Self-administered instruments are used to measure components of work environments that cannot be measured directly. The Healthy Work Environment Assessment Tool (HWEAT) of the American Association of Critical-Care Nurses is a promising instrument. However, it is available only in English and Japanese, precluding its use in other populations and cross-national comparisons.


To describe the Canadian French translation and cross-cultural adaptation of the HWEAT (F-HWEAT) and to explore its factor structure and psychometric properties.


Cross-cultural adaptation of the HWEAT and collection of evidence of validity via an electronic cross-sectional survey.


A total of 564 intensive care unit nurses participated in the validation study. Confirmatory factor analysis supported the presence of a single overarching factor measured by the F-HWEAT. The Cronbach α for the instrument was 0.89 (95% CI, 0.88-0.91). The mean and median interitem correlations were both 0.32, and item-partial total correlations ranged from 0.33 to 0.64. The overall F-HWEAT score indicated that nurses believed their work environment needed improvements. Moderate positive correlations were found between the overall F-HWEAT score and nurses’ perceptions of care quality (r = 0.45 [95% CI, 0.38-0.51]) and safety (r = 0.48 [95% CI, 0.40-0.55]).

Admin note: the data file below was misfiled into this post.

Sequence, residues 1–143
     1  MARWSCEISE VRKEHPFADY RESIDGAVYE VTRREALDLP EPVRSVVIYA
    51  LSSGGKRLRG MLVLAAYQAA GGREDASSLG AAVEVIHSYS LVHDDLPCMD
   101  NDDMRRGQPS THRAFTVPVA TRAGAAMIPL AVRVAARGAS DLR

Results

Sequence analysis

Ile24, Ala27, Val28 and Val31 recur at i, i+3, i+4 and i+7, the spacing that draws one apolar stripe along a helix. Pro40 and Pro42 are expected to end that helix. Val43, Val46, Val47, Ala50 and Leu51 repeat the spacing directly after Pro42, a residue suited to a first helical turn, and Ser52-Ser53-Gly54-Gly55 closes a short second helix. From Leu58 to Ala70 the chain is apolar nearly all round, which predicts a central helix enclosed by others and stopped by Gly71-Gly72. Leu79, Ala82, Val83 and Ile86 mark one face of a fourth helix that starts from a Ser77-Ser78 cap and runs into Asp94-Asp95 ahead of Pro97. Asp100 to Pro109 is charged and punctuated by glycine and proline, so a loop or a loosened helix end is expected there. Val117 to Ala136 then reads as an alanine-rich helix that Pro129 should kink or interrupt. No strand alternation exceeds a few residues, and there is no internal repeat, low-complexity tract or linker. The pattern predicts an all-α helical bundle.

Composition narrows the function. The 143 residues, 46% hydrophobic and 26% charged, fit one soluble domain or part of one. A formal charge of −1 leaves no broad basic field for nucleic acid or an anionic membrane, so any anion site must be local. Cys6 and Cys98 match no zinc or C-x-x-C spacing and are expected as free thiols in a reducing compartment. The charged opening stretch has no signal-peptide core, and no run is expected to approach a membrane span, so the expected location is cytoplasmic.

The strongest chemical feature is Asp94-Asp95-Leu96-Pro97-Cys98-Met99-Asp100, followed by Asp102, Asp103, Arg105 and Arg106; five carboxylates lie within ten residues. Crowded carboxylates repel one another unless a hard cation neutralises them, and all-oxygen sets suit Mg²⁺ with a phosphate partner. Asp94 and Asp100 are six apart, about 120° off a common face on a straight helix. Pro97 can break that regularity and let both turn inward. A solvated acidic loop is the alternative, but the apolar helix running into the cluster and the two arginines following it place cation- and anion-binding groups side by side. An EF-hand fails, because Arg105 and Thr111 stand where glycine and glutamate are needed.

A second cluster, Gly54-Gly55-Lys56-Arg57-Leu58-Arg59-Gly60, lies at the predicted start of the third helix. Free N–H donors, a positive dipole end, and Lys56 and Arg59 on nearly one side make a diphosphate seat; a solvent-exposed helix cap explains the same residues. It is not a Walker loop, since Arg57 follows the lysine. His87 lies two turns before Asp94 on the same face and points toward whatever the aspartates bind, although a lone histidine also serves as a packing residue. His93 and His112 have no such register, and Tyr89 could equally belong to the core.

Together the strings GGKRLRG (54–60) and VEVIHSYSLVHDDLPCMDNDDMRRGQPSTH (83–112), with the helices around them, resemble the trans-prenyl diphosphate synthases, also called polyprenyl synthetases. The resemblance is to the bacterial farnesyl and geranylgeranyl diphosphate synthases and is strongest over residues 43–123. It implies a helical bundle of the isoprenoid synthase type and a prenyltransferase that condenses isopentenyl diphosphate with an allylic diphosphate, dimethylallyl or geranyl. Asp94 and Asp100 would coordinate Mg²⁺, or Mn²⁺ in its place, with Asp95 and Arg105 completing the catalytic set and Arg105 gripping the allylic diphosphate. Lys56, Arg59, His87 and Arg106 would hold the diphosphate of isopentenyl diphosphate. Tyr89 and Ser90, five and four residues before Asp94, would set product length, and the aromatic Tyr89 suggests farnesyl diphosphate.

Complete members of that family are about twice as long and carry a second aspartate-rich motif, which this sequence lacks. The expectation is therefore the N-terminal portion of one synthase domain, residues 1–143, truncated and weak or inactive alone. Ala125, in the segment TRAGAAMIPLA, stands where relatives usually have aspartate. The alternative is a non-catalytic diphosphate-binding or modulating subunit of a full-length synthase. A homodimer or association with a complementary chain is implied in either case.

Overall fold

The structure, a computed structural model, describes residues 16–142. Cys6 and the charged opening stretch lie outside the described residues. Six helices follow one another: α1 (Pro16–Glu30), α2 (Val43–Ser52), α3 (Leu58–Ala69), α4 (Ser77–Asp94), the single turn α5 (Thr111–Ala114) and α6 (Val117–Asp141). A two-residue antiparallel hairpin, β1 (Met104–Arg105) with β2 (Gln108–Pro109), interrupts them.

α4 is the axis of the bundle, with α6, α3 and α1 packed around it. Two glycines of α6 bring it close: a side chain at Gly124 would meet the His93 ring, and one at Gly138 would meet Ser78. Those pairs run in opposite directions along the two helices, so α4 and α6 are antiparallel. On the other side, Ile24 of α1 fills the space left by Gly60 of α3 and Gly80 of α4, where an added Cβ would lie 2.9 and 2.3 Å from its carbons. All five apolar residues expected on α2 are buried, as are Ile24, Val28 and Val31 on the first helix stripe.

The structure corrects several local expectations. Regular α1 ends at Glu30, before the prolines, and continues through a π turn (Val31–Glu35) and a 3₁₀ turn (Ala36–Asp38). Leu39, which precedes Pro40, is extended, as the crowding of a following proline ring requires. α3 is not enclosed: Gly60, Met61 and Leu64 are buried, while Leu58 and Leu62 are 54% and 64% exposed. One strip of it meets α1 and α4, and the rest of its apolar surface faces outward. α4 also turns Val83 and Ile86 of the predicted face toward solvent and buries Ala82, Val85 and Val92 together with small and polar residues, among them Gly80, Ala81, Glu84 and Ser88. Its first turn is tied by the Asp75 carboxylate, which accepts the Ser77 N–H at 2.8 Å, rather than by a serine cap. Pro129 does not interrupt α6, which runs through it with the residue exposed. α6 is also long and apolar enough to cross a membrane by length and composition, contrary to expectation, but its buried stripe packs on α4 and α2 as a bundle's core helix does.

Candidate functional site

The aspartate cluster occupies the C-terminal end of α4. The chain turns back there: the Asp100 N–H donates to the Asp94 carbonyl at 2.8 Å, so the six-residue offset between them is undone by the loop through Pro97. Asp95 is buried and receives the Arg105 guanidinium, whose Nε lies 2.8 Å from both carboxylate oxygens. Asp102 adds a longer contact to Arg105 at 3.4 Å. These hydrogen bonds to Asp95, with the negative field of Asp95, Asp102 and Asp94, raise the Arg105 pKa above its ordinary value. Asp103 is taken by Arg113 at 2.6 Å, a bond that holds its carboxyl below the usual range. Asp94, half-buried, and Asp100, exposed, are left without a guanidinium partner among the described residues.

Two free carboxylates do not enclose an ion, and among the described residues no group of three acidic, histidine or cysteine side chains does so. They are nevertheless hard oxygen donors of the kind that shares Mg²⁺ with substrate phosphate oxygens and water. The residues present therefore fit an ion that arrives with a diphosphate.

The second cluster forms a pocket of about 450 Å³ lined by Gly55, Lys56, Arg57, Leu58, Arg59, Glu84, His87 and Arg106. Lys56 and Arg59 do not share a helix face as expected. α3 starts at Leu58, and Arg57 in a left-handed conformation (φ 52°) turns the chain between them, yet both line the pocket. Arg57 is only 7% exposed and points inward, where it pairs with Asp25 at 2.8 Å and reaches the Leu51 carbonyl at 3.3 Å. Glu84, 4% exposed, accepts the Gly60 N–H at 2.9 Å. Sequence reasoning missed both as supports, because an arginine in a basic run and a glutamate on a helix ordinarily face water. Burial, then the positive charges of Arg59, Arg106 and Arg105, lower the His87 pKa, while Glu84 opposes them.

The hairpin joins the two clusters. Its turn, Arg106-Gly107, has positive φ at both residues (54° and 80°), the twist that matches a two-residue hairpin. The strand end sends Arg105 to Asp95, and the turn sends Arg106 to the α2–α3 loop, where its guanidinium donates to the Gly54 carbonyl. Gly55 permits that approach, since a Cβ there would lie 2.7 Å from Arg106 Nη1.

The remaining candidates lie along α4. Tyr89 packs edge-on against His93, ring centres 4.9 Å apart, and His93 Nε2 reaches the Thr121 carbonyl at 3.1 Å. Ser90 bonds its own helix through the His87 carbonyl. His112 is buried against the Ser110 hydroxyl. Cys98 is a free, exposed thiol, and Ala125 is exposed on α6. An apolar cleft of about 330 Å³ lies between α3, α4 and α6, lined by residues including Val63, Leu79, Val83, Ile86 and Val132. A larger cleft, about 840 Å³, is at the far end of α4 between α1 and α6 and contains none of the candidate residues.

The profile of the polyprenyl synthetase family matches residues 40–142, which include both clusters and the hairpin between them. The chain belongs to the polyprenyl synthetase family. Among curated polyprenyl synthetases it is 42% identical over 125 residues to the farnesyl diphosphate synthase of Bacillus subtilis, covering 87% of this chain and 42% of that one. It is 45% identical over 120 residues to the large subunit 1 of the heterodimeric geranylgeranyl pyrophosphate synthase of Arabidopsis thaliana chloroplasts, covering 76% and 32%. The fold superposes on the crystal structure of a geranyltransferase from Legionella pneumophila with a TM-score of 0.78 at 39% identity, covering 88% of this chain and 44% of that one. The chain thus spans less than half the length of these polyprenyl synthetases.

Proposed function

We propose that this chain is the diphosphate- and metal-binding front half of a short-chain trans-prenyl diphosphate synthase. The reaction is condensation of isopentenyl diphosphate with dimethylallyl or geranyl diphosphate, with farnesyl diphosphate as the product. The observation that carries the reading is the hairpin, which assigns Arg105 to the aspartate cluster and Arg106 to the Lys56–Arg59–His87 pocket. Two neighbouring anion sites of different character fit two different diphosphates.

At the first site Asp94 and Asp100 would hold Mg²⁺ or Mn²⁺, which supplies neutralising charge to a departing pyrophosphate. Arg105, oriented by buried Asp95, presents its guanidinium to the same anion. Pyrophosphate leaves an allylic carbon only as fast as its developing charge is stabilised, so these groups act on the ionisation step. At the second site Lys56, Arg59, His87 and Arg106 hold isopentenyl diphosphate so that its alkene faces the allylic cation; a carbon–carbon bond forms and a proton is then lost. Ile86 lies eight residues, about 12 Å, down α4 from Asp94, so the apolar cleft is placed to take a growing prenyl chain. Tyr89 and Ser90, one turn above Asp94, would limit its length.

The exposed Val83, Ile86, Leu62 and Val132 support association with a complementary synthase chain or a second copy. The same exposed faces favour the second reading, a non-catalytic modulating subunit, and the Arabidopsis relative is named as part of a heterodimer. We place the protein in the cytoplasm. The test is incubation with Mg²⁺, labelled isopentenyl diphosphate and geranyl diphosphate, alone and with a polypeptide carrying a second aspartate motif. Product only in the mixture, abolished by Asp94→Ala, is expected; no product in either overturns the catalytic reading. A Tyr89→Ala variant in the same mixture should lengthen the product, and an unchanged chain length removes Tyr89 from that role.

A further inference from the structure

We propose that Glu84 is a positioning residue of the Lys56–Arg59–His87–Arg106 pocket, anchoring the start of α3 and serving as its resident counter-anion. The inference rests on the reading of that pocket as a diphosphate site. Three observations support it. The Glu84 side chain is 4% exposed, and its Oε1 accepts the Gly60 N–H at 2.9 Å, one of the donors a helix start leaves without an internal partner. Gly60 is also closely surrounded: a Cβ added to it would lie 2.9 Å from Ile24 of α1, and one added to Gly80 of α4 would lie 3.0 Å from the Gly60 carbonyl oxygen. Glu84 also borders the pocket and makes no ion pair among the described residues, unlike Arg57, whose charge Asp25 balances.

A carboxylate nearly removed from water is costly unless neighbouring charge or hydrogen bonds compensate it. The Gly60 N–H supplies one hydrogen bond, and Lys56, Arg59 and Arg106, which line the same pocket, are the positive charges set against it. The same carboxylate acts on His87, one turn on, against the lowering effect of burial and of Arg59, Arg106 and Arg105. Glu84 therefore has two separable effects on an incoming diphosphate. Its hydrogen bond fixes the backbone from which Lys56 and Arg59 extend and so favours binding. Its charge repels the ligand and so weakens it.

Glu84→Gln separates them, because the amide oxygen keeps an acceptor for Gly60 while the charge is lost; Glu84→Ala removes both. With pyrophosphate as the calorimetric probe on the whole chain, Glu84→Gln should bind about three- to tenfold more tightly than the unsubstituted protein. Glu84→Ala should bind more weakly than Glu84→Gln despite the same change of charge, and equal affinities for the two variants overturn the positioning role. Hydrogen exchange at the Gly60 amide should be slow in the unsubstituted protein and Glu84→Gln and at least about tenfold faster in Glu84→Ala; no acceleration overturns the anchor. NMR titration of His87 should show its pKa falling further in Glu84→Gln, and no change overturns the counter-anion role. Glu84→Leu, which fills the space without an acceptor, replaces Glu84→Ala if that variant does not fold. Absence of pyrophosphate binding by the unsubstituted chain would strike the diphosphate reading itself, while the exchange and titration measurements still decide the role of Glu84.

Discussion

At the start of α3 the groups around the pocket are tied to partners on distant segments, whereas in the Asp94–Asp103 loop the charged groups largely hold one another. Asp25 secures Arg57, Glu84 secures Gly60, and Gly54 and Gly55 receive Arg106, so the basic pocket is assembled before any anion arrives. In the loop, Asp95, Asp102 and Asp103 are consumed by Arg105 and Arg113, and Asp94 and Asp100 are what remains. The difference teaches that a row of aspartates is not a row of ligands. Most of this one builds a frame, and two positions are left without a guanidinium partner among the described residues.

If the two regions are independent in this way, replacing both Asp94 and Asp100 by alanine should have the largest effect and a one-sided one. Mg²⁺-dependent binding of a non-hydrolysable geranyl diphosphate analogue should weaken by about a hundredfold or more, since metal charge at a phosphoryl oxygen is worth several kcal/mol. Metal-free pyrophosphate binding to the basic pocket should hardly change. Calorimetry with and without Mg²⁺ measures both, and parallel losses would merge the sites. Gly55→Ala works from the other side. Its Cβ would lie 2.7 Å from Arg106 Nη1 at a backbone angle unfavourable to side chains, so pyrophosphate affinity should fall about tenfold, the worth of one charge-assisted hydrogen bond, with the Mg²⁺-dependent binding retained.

The results support the use of the F-HWEAT in French-speaking populations. Using the F-HWEAT will help elucidate areas needing improvement and expand global dialogues about healthy critical care work environments. With this information, nurse leaders and researchers can develop and implement modern strategies to improve the work conditions of intensive care unit nurses.

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